Back in the early 80's, counting was more fun, much easier to do, because certain sketches went slow enough to be followed one number at a time. The baker sketches especially - they labeled everything they counted with numbers, so it was easier to follow, I liked that kind of pattern.

    However, when the "pinball sketch" came out, I wasn't exactly sure how that was teaching anyone to count, it looked more like a game than something to count along with. Maybe i'm wrong - but it sure looked that way to me.

    By the way, I do have a question to ask, who was responsible for the patterns they used around the numbers in the baker sketches? Was that Henson's idea? I wish they made more sketches just like that.

    And I also had one other thought, was there something other than bells that was counted in the "Baker 10 sketch"? The reason for asking is because I didn't notice a see-through "10" appear after they counted the bells.

    Sorry for all these questions, I just have a lot on my mind - that's all.

    squirrelboy
  17. ISNorden

    ISNorden Active Member

    I agree with both points: the Baker sketches work so well because they show real people counting real things, and use written numerals to make the lesson clearer. Whoever thought of that format knew how preschoolers learn; it's a shame that the endings bothered parents so badly!

    The Pinball sketches (even though they begin and end with a count to 12) seem more like "name/shape recognition" lessons; when a number 3 appears, it's there to teach "this is what a three looks like", not "three is this many". The game-like bits in between are there just to keep kids' attention.

    Henson did all the animation in those sketches; I'd recognize his numbers from the other counting clips he drew ("Eleven Cheer" and "1-2-3-4-5!" come to mind). So the patterns around them are his, too...

    The original version of Baker #10 had a boy counting "ten little Indians" (wooden cutouts of movie-style Indians, part of a foosball-like game). The Indians were replaced with bells a year or two later. I've got the clip to prove it, if only I could get quicker help removing that Noggin logo... ;)
  18. minor muppetz

    minor muppetz Well-Known Member

    Originally, the sketch had ten indians, but eventually it was replaced with ten bells. I don't know what year it was, but it must have been early on. I don't think the picture quality for ten bells looks very different from the rest of the sketch.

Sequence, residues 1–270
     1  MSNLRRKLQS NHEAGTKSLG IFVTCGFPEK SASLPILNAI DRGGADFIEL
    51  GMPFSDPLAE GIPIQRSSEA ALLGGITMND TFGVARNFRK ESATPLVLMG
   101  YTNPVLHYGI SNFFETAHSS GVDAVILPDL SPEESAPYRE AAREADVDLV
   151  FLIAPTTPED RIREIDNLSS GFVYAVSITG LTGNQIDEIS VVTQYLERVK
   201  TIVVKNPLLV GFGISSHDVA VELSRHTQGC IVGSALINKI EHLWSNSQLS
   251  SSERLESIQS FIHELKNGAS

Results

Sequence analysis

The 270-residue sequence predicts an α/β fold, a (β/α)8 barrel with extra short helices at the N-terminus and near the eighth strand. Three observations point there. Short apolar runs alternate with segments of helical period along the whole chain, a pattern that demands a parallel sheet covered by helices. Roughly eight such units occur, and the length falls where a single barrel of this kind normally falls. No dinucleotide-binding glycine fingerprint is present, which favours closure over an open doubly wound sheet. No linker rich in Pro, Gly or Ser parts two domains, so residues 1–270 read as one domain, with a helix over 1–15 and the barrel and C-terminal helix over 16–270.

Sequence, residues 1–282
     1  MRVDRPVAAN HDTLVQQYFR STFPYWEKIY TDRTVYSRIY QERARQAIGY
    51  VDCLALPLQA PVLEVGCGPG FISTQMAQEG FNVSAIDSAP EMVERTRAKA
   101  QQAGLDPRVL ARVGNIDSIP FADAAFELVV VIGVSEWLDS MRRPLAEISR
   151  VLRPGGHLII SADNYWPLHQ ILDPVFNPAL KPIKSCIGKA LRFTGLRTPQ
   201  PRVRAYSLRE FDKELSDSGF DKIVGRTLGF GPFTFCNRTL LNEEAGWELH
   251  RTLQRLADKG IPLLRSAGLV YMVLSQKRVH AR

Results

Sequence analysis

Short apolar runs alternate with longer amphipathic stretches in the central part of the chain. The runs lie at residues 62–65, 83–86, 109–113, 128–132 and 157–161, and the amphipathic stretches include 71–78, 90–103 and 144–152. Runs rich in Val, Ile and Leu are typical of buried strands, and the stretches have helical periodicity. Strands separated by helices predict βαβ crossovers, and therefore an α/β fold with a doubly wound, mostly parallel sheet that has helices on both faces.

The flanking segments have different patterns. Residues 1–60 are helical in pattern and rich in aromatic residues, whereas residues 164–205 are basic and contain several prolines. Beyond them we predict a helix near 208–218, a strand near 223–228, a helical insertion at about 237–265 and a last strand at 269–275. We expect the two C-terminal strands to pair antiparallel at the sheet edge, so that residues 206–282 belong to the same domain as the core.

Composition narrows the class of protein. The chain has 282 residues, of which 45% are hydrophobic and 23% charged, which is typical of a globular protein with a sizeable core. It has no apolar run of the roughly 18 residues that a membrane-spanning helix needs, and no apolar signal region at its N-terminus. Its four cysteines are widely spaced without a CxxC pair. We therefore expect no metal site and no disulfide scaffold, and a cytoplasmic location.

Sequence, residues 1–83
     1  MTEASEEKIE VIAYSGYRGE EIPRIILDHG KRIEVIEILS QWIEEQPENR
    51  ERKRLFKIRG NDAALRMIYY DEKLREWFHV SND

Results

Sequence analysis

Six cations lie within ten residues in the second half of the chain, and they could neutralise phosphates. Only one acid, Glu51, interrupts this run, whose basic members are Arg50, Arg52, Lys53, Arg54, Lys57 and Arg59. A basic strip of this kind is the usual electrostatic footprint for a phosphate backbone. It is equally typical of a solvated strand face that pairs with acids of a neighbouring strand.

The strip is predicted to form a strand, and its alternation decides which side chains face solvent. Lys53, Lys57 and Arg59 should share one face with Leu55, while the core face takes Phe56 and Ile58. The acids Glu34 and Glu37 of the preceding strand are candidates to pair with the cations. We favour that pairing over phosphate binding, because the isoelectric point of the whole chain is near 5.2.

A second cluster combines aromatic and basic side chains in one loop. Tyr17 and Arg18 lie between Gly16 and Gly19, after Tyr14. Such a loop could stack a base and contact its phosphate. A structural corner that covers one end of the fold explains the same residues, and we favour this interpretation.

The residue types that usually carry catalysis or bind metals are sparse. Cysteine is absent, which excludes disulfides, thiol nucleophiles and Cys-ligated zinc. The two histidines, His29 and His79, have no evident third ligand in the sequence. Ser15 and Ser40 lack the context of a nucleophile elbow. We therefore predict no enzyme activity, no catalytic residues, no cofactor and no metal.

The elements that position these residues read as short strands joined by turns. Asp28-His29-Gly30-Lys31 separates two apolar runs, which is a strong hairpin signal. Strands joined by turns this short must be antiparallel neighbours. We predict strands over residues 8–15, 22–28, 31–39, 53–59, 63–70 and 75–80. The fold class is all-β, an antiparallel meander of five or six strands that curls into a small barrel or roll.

Some other epsiodes that had sketches for numbers that weren't sponsors include episode 8, which was sponsored by 4 and 5 but also had a 10 sketch (shown twice in the same episode), episode 276, which had a 20 sketch, and episode 406, which had a 6 sketch. One episode on the Old School set has a 20 cartoon (where a peacock counts 20 feathers), but I forget which episode it was.
  19. squirrelboy

    squirrelboy New Member

    squirrelboy here,

    Thank you so much for your input, I appreacite that a lot.

    It would be nice if the original "Baker #10 sketch and the Baker #1 sketch" could be on youtube - that way, it's a gift from the ages.

    Even I have to admit, after seeing that baker fall down those same stairs so many times - I could understand why Sesame Street did what they did, canned it. But they could have fixed it so you can count the food products in his hands, and not finish the segment. From what it looks like - he looks more like he intenionally trips and tumbles down those stairs.

    And it's amazing to think after seeing the 2 - 10 sketches, how his clothes always look so bright and white at first, then a digusting mess at the end. Cracks me up every time.

    Thanks Again,
    squirrelboy
  20. minor muppetz

    minor muppetz Well-Known Member

    I think that Noggin showed the original version of "Ten Song (Song of Ten)". Quite a few people here have tapped every Sesame Street Unpaved episode shown on Noggin (and some have copies tapped off Noggin thanks to trades). So I think that having the original version of the 10 segment is more likely to be shown on You Tube than the 1 segment (I wonder if anybody has ever recorded that segment). Of course, that's assuming that somebody recorded it in a broadcast where the Noggin logo wasn't shown (if all copies tapped from Noggin have the Noggin logo, then Viacom will most likely have them taken down).